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Creating a defensible space around your place this spring can protect against fire loss

A woman uses an extension trimmer to remove low hanging tree limbs.
Alison Green
Oregon State Fire Marshall's Office
Creating a defensible space around your home, like trimming low hanging tree limbs that could catch fire from lower brush, will create a safety buffer on your property.

Oregon wildfire season is coming. This may be the last thing you want to think about on the first sunny days we’ve had in months. But property owners and renters are urged to put fire prevention at the top of their minds. Fire officials say spring is a good time to start creating “defensible space” around your place.

Alison Green is with the Oregon State Fire Marshall’s Office.

“Not to disappoint anybody, it has nothing to do with football,” she said. “We’re talking about defensible space. It is really a good buffer and that good zone that people can build on their property, kind of immediately around their home that is going to lesson fire impacts or completely stop a fire.”

Green, who has been a wildland firefighter, said fireproofing your property includes trimming bushes away from tree limbs, clearing gutters, and scraping bark dust away from wood decks and homes.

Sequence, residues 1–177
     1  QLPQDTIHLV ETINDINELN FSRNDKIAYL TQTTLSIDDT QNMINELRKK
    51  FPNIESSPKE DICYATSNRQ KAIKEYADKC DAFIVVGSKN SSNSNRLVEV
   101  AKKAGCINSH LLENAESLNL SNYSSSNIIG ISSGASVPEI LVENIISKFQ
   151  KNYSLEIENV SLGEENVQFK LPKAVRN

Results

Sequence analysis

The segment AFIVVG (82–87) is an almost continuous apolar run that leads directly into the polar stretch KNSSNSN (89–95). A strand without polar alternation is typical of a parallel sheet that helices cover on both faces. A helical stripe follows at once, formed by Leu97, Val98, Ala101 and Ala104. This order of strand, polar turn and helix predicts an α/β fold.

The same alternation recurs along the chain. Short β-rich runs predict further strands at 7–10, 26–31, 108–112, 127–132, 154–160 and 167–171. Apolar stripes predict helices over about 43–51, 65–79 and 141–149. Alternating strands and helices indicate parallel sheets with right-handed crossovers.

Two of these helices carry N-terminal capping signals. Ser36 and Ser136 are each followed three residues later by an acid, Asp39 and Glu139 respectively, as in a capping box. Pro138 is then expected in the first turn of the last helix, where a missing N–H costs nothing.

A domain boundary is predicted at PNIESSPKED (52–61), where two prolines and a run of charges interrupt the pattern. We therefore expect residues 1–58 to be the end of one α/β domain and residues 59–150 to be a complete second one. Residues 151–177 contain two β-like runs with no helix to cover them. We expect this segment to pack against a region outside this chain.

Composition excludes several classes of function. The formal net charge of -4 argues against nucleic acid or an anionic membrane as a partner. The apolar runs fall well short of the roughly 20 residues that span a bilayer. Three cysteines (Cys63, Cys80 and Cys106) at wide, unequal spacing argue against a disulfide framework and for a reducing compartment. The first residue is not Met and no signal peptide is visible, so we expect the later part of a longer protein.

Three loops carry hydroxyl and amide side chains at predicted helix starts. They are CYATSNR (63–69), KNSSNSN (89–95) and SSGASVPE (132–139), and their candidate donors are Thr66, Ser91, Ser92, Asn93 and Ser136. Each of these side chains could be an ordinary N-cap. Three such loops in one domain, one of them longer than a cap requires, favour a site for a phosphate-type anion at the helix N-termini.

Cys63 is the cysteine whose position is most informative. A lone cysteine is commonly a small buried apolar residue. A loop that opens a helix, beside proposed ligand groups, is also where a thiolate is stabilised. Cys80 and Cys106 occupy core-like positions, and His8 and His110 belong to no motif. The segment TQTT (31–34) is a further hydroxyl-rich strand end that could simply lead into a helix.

What happens if a house a couple doors down from you catches fire? Green answered that building defensible spaces around neighborhood homes will keep that fire from spreading and give firefighters a place to work from safely.

Burning embers are the leading cause of home loss during a fire. As part of fire prevention preparedness, Green advised limiting the items that flying embers could latch onto and ignite, like outdoor furniture next to the house.

Green says doing this defensive space work in steps, maybe one day each weekend, can help prevent fire prevention burn out.

Oregon Defensible Space for homeowners and renters guide provides recommendations and checklists from Oregon State Fire Marshall’s Office.

Tiffany joined the KLCC News team in 2007. She studied journalism at the University of Missouri-Columbia and has worked in a variety of media including television and daily print news. For KLCC, Tiffany reports on health care, social justice and local/regional news. She has won awards from Oregon Associated Press, PRNDI, and Education Writers Association.
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